1. This has been long hailed as the sum of Jesus’ (or anybody’s) ethical teaching; no portion of Jesus’ teaching has made such an impression.
a. Once, when the religious leaders sent officers to arrest Jesus, they came back empty handed, saying No man ever spoke like this Man! (John 7:46) More than any other one teaching, this sermon of Jesus sets Him apart from any other teacher.
b. It has been said if you took all the good advice for how to live ever uttered by any philosopher or psychiatrist or counselor, took out the foolishness and boiled it all down to the real essentials, you would be left with a poor imitation of this great sermon.
c. The American Revolutionaries had their Declaration of Independence. Karl Marx had his Communist Manifesto. Adolf Hitler had his Mien Kampf. This is Jesus’ main message saying what His Kingdom is all about. It is a defining document.
d. The early Church was very aware of this teaching from Jesus. James - one of the first epistles - quotes it often, as do many of the early Church Fathers.
2. Why is Luke’s version different than Matthew’s? Are they the same sermon?
a. Scholarly opinion is divided on this issue. But we should remember that Jesus was an itinerant preacher, whose main emphasis was the Kingdom of God (see Luke 4:43).
b. Itinerant preachers often repeat themselves to different crowds, especially when teaching upon the same topic. This is probably the same sermon as Matthew 5:1-48; Matthew 6:1-34; Matthew 7:1-29, but possibly at a different time and a different place.
3. This sermon is often, and properly, referred to as the “‘Agenda of God’s Kingdom.” It does not deal with salvation so much, but lays out for the disciple and the potential disciple how having Jesus as King translate into how you live every day.
D. Jesus shows us how different God’s agenda is.
1. (Luke 6:20-23) Strange blessings.
Then He lifted up His eyes toward His disciples, and said: “Blessed are you poor, for yours is the kingdom of God. Blessed are you who hunger now, for you shall be filled. Blessed are you who weep now, for you shall laugh. Blessed are you when men hate you, and when they exclude you, and revile you, and cast out your name as evil, for the Son of Man’s sake. Rejoice in that day and leap for joy! For indeed your reward is great in heaven, for in like manner their fathers did to the prophets.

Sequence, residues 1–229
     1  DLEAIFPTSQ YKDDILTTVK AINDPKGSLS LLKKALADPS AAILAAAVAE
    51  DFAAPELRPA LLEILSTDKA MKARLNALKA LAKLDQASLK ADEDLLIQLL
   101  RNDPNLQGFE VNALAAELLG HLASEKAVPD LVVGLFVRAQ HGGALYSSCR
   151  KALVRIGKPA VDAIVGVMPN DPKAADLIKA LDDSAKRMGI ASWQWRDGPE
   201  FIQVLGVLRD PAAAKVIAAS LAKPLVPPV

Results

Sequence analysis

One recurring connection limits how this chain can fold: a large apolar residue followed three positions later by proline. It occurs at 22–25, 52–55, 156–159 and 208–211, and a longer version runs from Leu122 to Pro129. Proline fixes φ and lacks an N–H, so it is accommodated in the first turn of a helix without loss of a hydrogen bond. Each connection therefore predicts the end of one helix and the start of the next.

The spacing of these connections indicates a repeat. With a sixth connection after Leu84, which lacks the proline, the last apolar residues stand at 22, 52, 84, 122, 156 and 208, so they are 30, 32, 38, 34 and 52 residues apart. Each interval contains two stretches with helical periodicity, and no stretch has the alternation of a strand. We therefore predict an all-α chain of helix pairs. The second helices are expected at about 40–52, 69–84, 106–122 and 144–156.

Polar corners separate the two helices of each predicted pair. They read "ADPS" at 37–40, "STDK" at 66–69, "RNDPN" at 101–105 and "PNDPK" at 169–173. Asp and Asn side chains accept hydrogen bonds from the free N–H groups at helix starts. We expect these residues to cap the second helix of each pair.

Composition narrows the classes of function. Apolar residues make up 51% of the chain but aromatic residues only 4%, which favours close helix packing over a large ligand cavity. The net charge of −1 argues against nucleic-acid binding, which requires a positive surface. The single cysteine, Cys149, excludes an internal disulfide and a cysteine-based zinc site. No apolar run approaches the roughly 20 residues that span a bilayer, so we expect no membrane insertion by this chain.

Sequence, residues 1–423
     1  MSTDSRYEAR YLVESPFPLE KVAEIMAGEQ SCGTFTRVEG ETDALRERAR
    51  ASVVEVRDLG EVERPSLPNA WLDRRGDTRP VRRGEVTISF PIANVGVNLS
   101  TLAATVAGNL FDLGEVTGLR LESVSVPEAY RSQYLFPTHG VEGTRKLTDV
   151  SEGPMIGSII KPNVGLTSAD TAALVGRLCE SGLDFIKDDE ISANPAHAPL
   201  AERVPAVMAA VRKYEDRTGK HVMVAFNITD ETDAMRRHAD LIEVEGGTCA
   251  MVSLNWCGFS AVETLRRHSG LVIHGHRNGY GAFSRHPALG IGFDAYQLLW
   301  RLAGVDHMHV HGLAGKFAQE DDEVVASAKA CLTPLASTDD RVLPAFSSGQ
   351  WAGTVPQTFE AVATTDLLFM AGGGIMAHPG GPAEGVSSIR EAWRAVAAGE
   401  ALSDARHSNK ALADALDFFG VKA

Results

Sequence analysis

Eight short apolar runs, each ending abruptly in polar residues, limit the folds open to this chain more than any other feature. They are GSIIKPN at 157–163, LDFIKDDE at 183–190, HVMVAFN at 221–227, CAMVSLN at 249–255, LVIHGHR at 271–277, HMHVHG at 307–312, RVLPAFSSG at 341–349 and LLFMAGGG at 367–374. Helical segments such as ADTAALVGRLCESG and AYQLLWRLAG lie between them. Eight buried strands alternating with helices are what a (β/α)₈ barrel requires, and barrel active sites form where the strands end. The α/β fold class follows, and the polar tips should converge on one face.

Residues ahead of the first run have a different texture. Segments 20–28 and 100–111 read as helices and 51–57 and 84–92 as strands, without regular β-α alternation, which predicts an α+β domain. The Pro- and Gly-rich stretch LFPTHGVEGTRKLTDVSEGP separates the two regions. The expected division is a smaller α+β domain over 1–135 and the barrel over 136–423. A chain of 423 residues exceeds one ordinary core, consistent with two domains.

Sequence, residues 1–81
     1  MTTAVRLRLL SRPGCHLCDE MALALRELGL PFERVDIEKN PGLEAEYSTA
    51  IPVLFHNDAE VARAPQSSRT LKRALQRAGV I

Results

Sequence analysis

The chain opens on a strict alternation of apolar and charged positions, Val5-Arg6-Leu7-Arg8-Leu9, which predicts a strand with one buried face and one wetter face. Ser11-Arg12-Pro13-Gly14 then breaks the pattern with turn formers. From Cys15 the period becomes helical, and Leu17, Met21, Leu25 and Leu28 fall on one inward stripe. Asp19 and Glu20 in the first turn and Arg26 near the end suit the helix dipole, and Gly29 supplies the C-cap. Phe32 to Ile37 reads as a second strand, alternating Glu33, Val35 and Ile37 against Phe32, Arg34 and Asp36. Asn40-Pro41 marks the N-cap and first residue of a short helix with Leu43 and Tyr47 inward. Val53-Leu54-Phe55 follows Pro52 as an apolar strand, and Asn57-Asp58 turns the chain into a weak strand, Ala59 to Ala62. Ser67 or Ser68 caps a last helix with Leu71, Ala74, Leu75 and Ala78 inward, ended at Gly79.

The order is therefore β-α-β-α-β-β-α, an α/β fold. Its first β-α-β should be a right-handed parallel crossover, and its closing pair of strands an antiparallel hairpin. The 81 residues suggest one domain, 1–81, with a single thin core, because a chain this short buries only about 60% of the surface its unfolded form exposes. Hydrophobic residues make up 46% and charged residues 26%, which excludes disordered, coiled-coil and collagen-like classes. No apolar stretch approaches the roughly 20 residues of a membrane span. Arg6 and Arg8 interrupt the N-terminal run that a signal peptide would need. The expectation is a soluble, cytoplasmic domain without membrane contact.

a. He lifted up His eyes toward His disciples: We notice that Jesus is speaking to His disciples (toward His disciples). The Sermon on the Plain is directed towards disciples, though others may - and should - hear.
b. Blessed are you poor, for yours is the kingdom of God: To be poor in spirit is not a man’s confession that he is by nature insignificant, or personally without value, for that would be untrue. Instead, it is a confession that he is sinful and rebellious and utterly without moral virtues adequate to commend him to God.
i. Poor: Jesus uses the more severe term for poverty. The ancient Greek word here indicates someone who must beg for whatever they have or will get.
ii. But those who are poor in spirit, so poor they must beg, are rewarded: they receive the kingdom of God. Therefore poverty of spirit is an absolute prerequisite for receiving the kingdom of heaven, because as long as we keep illusions about our own spiritual resources, we will never receive from God what we absolutely need to be saved.
iii. Poverty of spirit cannot be artificially induced by self-hatred. It comes as the Holy Spirit works in our heart and we respond to Him.
iv. Jesus says that the poor in spirit would be blessed: the idea behind the ancient Greek word for blessed is happy, but in the truest, Godly sense of the word, not in our modern sense of merely being comfortable at the moment.
v. Poverty of spirit is placed first for a reason, because it puts the following commands into perspective. They cannot be fulfilled in our own strength, but only by a beggar’s reliance on God’s power.
c. Blessed are you who hunger now, for you shall be filled. Blessed are you who weep now, for you shall laugh: Jesus’ adds two other kinds of seekers, those who hunger and those who weep. The poor, the hungry, and the weeping can all be blessed because Jesus is here to meet their needs.
i. Unfortunately, we look for the wrong things to fill our sense of poverty, hunger, and need for comfort. Jesus tells us to find the answers to all these needs in Him.
d. Blessed are you when men hate you: When we seek God like a poor man seeks money, like a hungry man seeks food, or like a weeping person seeks comfort, we will face persecution from those who want other things.
i. Rejoice in that day and leap for joy! We can really rejoice when we are persecuted, because we know that it means we are on the right side - God’s side, and the side of so many faithful who went on before us.
e. Jesus makes what seem to be paradoxical promises, but He can make them because He is God, and knows that God will settle all things rightly, and according to these principles.
i. He seems to promise that if we are really following Him, we will be totally happy and often in trouble - two things that seem to contradict one another.
2. (Luke 6:24-26) Strange woes.
“But woe to you who are rich, for you have received your consolation. Woe to you who are full, for you shall hunger. Woe to you who laugh now, for you shall mourn and weep. Woe to you when all men speak well of you, for so did their fathers to the false prophets.”
a. Woe: This is an expression of regret and compassion, not a threat. The woes Jesus pronounces seem just as paradoxical as His blessings.
b. But woe to you who are rich . . . Woe to you who are full: We should right feel bad for people who do not sense their own need of God. We won’t come to Him the way we should until we know we are poor, hungry, and needing comfort.